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I am interested in studying the theoretical feasibility that very complex systems such as the vascular system, the respiratory system, the nervous system, the digestive system, among others, could have emerged by means of random mutations plus natural selection. Are there computational models that have successfully verified (via simulation or other means) the theoretical feasibility of the Darwinian hypothesis that random mutations plus natural selection can indeed give rise to sophisticated systems under the time constraint and the environmental constraints life on Earth probably had to face? What is the state of the art (as of 2020 and later) on this regard?

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  • $\begingroup$ Yes, those exist. Look up "Artificial Life" , "Genetic Algorithms" and "Evolutionary Computation". $\endgroup$ – S. McGrew May 7 at 12:14
  • $\begingroup$ Thanks for the search keywords, but do you know if they have been able to successfully simulate DNA mutations in a population and see if new organs or new systems can emerge from that? Maybe asking for a 100% accurate simulation of a biological organism can be too much, but at least an approximate simulation, as close to reality as possible. Do you know if anything like that has been done? $\endgroup$ – xwb May 7 at 15:00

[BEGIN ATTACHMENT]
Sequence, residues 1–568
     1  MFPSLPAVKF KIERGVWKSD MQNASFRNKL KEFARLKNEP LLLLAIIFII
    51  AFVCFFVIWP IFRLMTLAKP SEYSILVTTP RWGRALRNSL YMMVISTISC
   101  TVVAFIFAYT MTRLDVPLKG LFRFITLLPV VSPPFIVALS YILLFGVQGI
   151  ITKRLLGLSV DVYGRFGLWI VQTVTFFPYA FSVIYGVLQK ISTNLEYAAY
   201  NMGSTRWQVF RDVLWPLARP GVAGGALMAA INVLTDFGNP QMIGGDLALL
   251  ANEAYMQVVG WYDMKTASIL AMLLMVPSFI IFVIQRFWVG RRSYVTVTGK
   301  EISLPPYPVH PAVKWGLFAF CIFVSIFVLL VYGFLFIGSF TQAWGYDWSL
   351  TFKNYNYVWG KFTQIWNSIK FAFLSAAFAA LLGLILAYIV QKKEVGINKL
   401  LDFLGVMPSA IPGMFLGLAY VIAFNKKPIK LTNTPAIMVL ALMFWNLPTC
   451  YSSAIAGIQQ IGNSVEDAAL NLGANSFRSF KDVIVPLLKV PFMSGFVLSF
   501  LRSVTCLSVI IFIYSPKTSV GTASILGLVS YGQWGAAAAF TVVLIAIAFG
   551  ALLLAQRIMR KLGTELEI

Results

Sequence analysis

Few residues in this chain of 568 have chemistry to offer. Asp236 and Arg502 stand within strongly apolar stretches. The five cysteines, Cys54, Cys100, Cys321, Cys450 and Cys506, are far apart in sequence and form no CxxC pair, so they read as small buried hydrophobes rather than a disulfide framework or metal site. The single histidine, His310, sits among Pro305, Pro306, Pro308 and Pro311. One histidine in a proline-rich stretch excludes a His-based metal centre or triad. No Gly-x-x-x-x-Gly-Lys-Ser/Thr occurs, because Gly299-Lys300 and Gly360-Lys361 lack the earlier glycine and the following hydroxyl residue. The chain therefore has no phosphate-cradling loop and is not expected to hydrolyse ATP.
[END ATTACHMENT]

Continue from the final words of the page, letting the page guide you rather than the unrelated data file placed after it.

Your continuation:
• $\begingroup$ Eyes have been evolved digitally. I dont know about ohher organs. Starting from DNA per se has not been done, because we don't yet know how to calculate the process of producing an organ from DNA instructions. However, the principles of evolution have been extremely well verified digitally as well as in the lab, as in "directed evolution". $\endgroup$ – S. McGrew May 7 at 15:29
  • $\begingroup$ Awesome. Can you share some references to learn more about this? Especially on the evolution of eyes digitally. $\endgroup$ – xwb May 7 at 15:36
  • $\begingroup$ Here is one. Really, a Google search will get you pretty far down this road. ieeexplore.ieee.org/abstract/document/8790284 $\endgroup$ – S. McGrew May 7 at 15:43

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